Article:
Immunotherapy is a method of treatment which uses substances to encourage or to subdue your immune system to help your body fight cancer, infection, and other diseases.
Immunotherapy research has had some success in some tumours/cancers, by increasing survival by several months. Unfortunately, there has, so far, been less success in brain tumours.
When it comes to the brain, immune-based treatments face a number of obstacles before they can even reach the tumour. One of the most significant challenges is the blood-brain barrier which protects the brain from harmful substances.
Also some brain tumours are very good masters of disguise and can use a 'cloak' of molecules to make them look like normal cells to the immune system. This prevents immune cells from attacking them.
For this reason, research is continuing within clinical trials, including looking at combining immunotherapy with other treatments, such as chemotherapy and radiotherapy, to improve results.
DCVax®-L is a personalised cancer vaccine that is made from each patient's own dendritic cells. (Dendritic cells are a type of immune cell that help the body's immune system recognise and attack tumour cells.)
In May 2018, interim results from a clinical trial showed increased overall survival for patients with glioblastoma. Patients in the trial who received DC Vax®-L showed an average survival rate of 23.1 months compared to an average overall survival rate between 15-17 months compared to historic controls.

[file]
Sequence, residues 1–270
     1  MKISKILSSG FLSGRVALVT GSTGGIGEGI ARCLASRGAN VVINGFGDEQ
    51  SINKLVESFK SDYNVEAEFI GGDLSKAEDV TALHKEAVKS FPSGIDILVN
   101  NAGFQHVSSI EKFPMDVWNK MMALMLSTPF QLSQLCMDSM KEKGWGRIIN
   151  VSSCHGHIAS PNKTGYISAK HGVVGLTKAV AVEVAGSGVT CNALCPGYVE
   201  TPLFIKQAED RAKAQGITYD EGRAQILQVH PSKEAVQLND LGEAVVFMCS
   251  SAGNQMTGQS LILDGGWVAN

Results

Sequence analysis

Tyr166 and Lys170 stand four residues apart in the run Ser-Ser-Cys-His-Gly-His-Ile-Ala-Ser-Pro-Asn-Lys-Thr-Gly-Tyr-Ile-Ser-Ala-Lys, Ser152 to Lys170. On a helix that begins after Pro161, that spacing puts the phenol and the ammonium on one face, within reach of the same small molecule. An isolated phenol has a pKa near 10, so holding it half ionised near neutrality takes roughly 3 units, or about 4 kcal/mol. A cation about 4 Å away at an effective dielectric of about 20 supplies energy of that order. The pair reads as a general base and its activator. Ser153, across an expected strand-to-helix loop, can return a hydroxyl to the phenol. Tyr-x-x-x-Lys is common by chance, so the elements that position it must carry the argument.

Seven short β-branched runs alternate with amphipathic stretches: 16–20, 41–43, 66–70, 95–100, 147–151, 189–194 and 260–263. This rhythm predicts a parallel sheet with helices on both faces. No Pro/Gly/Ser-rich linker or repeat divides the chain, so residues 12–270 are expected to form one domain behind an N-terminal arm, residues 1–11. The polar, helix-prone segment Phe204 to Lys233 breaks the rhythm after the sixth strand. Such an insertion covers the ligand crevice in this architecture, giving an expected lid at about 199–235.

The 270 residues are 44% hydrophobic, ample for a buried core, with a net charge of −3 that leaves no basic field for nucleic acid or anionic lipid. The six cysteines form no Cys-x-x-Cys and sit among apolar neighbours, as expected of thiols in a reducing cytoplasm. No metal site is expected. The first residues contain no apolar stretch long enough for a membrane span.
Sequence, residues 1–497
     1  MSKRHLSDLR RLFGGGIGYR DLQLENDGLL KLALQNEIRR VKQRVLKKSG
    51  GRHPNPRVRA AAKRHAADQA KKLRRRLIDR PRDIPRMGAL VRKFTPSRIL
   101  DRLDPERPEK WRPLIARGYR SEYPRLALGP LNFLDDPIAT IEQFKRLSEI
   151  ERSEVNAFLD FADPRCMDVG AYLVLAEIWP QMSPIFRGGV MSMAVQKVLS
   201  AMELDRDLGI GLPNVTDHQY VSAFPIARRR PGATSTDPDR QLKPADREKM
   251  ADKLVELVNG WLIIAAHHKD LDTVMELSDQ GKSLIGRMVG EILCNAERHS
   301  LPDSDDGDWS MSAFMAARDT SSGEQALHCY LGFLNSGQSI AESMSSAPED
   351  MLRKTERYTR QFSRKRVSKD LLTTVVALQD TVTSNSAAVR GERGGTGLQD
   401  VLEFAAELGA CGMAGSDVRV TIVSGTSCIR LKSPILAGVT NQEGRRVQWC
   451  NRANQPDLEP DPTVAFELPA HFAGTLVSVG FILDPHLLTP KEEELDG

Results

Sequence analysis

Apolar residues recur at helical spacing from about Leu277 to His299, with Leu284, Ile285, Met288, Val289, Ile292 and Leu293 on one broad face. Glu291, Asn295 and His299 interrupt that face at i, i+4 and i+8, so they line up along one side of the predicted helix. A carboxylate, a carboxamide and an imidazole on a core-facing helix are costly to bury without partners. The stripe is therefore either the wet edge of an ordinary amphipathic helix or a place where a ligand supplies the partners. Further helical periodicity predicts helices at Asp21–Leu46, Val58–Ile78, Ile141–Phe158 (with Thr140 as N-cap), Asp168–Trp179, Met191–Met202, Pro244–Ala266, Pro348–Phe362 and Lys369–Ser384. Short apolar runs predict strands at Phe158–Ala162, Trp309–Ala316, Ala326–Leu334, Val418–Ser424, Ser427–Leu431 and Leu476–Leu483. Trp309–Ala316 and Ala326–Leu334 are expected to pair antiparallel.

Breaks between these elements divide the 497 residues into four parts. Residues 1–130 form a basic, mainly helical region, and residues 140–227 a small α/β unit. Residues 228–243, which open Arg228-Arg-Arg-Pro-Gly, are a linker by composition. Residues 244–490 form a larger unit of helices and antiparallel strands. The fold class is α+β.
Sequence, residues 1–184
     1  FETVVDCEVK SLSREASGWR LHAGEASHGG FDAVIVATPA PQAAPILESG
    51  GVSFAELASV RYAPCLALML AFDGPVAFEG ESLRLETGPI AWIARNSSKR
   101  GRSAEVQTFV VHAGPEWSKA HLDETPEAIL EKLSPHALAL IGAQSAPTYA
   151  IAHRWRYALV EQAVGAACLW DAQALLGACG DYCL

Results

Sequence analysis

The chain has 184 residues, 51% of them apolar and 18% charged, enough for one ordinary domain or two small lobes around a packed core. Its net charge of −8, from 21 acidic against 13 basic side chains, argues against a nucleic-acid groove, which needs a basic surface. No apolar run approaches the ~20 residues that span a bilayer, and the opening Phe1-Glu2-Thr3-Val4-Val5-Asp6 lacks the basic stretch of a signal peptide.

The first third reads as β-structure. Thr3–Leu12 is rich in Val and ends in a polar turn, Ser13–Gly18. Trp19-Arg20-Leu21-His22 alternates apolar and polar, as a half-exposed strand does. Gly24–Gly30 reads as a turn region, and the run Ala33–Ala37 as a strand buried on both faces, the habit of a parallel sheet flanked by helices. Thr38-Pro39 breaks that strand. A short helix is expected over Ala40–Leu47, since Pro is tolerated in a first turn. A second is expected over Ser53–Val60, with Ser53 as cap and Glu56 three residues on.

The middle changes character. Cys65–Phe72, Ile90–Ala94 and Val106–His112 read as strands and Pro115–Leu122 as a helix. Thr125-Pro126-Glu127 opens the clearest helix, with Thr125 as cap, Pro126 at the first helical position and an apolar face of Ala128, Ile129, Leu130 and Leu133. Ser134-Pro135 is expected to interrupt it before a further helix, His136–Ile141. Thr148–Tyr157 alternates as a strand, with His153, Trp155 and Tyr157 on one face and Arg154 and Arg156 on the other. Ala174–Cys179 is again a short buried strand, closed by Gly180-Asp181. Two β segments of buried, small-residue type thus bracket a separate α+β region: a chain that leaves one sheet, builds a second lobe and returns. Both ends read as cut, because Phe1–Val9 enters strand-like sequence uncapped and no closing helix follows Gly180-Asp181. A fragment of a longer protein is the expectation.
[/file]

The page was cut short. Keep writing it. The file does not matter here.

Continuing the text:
However, as of June 2018, it's not currently available on the NHS, and the trial, though ongoing, is not recruiting any more people. It may be possible to access it privately and you may have to go abroad for the initial treatment. You will need to have a sample of your tumour flash frozen. Speak to your healthcare team if you are interested.
If DCVax®-L is approved by NICE and then receives full regulatory approval, the NHS legally has to make the treatment available within three months.
The vaccine can currently be accessed privately and interested individuals are encouraged to speak to their clinicians with the provided information.
Our Brain Tumour Information Pack has been designed to help you cope with your diagnosis and support you during this difficult time. It can help to guide you through the healthcare system, answer your questions, and reassure you that you're not alone so that you feel confident when discussing treatment and care options with your medical team.